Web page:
Cobb: Endorsement wrong about assault weapons ban
An endorsement over the weekend by the Albany Times Union of Democratic candidate Tedra Cobb for the 21st Congressional District caused a bit of a stir when the article said Cobb wanted to reinstate an assault weapons ban.
“On gun rights, she favors universal background checks, including on gun show sales and private transactions, enacting ‘red flag’ laws that would allow courts to take guns away from people exhibiting dangerous behavior, and reimposing an assault weapons ban while addressing criticisms about inconsistencies and loopholes in the last one,” the editorial reads.
This is particularly significant as over the summer Cobb declined to say definitively whether she supported a ban even after a video surfaced of Cobb saying she wanted to ban assault rifles but could not publicly advocate for it.
Cobb’s spokesman, Brian Phillips Jr., said Cobb’s views were not well represented by the endorsement.
“She did not explicitly say she supported an assault weapons ban,” Phillips said in a phone call.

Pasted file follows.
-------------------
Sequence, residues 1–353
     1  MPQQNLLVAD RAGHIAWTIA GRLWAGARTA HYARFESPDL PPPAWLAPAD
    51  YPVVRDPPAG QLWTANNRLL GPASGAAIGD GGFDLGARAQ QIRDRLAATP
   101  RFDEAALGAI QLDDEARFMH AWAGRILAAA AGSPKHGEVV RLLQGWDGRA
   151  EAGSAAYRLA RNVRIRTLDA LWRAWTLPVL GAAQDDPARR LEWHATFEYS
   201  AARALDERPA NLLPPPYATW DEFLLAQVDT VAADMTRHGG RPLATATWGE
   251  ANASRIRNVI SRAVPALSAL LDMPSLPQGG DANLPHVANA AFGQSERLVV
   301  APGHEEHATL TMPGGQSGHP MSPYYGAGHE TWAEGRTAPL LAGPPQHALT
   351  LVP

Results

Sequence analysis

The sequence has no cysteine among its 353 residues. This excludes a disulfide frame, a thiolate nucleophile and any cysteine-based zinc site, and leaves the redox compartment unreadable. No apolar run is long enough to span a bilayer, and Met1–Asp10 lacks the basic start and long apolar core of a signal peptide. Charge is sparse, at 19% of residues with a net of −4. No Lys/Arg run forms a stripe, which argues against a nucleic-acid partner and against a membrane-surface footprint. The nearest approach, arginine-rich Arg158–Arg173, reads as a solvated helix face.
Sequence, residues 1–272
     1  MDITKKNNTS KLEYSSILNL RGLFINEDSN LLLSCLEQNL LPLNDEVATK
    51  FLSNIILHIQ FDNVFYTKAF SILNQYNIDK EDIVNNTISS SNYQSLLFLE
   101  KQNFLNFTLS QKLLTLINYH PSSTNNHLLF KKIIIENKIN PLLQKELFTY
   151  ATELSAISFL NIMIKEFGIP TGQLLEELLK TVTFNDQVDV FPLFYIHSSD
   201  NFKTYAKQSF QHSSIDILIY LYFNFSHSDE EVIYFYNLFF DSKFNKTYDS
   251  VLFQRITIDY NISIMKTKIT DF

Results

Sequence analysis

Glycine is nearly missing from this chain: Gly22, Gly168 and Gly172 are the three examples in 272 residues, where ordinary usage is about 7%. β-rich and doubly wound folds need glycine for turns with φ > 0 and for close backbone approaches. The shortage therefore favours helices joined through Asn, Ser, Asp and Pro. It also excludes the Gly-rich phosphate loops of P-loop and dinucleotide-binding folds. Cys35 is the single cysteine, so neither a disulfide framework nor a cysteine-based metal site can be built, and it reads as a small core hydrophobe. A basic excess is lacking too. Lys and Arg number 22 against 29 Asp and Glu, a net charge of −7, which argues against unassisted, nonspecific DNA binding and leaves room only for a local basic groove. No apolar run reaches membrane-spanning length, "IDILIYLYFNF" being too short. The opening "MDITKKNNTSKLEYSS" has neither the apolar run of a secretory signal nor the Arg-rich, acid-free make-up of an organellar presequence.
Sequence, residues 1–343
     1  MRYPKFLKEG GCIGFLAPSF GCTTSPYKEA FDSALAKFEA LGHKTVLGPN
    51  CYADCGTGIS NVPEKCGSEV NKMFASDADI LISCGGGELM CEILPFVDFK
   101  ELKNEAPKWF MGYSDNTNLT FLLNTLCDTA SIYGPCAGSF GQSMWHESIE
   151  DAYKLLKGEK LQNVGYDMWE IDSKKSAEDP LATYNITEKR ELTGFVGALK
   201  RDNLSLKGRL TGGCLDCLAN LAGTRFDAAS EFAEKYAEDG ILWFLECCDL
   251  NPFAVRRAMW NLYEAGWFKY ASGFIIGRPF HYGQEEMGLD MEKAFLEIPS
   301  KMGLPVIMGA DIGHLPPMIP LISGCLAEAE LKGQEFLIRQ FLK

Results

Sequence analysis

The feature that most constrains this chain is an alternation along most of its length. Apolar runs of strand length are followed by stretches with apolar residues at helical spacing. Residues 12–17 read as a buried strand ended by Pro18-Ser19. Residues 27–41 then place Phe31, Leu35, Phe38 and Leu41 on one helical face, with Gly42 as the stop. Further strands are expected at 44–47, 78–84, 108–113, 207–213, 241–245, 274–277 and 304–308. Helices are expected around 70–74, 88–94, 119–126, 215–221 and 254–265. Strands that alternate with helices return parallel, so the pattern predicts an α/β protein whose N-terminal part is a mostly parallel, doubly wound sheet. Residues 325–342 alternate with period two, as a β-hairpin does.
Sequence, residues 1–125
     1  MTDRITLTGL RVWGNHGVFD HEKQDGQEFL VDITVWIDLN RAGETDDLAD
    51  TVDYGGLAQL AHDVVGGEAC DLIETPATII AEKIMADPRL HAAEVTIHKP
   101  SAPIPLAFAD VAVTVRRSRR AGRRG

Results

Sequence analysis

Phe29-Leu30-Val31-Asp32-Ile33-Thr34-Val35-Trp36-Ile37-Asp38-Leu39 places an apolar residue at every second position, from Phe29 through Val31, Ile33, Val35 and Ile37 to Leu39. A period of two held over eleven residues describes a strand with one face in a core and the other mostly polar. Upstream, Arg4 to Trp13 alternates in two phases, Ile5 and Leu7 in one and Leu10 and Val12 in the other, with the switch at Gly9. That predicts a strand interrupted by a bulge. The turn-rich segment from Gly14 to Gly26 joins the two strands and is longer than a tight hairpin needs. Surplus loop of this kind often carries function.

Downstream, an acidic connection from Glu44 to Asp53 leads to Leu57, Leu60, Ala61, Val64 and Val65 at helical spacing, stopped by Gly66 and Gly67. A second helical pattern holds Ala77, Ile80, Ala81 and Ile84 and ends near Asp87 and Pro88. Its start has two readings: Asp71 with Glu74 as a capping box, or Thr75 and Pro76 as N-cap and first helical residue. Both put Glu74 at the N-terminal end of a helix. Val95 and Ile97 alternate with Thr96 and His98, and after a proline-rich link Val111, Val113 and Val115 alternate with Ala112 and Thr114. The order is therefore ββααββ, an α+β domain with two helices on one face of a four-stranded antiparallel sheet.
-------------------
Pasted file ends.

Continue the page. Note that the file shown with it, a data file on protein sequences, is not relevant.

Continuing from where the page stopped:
Phillips elaborated Cobb’s response in an email.
“Tedra explained the inconsistencies and unanticipated consequences that arose from the 1994 Assault Weapons Ban,” he wrote. “It did not work. Tedra believes that to solve issues like the gun violence epidemic, we must first analyze problems before coming up with a solution. This is why we need to allow the Centers for Disease Control (CDC) to research gun violence.”
Cobb has been reluctant to say whether she would vote for a new ban. She said over the summer she could not say how she would vote on hypothetical legislation. Phillips said her position has not changed since then.
She does support a number of other gun control measures, which Phillips highlighted in his email.
“Tedra also supports universal background checks without loopholes, ban bump stocks, and red flag laws spanning to factors including domestic violence, mental illness, and the terror watch list,” he wrote. “These are beliefs that gun owners and non gun owners agree upon, and this Congress has done nothing to address.”